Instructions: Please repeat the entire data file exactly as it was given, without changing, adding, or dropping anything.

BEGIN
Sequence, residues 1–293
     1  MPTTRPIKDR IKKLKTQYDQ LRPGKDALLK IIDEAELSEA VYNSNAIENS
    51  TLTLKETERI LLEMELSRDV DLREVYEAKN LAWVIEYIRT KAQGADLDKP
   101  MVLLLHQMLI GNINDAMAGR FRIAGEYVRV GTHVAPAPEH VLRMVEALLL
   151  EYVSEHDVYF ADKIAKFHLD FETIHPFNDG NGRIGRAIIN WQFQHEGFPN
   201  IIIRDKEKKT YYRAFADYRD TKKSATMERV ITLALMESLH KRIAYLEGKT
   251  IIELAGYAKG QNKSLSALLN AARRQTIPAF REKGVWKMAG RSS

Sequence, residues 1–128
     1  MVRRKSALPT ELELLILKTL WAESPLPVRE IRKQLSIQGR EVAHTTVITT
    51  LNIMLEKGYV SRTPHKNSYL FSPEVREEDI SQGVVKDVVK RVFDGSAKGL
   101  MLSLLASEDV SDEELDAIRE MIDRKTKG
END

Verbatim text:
Sequence, residues 1–293
     1  MPTTRPIKDR IKKLKTQYDQ LRPGKDALLK IIDEAELSEA VYNSNAIENS
    51  TLTLKETERI LLEMELSRDV DLREVYEAKN LAWVIEYIRT KAQGADLDKP
   101  MVLLLHQMLI GNINDAMAGR FRIAGEYVRV GTHVAPAPEH VLRMVEALLL
   151  EYVSEHDVYF ADKIAKFHLD FETIHPFNDG NGRIGRAIIN WQFQHEGFPN
   201  IIIRDKEKKT YYRAFADYRD TKKSATMERV ITLALMESLH KRIAYLEGKT
   251  IIELAGYAKG QNKSLSALLN AARRQTIPAF REKGVWKMAG RSS

Sequence, residues 1–128
     1  MVRRKSALPT ELELLILKTL WAESPLPVRE IRKQLSIQGR EVAHTTVITT
    51  LNIMLEKGYV SRTPHKNSYL FSPEVREEDI SQGVVKDVVK RVFDGSAKGL
   101  MLSLLASEDV SDEELDAIRE MIDRKTKG